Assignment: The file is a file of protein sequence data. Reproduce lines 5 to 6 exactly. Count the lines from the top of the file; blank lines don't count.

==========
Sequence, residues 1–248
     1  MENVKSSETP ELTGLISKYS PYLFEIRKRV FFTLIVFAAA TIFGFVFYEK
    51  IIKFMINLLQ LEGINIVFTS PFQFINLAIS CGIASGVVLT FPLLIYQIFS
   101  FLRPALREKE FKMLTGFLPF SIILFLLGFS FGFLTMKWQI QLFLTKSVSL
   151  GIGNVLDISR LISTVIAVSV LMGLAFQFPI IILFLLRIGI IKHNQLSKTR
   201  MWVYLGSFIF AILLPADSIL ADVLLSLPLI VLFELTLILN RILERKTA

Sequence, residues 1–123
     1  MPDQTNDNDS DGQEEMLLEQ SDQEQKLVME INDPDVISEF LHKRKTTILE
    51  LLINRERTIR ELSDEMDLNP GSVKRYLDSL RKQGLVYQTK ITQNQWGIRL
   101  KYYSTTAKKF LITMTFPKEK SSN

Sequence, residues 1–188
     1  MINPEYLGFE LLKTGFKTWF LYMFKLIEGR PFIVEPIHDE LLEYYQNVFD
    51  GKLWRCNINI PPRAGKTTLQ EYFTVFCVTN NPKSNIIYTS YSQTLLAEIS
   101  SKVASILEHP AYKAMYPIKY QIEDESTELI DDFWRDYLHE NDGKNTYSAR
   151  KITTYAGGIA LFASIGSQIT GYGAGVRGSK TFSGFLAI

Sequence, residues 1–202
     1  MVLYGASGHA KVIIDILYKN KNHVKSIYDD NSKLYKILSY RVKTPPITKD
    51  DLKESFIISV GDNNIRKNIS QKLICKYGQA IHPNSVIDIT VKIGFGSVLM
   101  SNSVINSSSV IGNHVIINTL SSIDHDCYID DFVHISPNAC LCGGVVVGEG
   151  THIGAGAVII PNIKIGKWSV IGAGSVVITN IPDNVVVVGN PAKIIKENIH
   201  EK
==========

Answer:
   151  GIGNVLDISR LISTVIAVSV LMGLAFQFPI IILFLLRIGI IKHNQLSKTR
   201  MWVYLGSFIF AILLPADSIL ADVLLSLPLI VLFELTLILN RILERKTA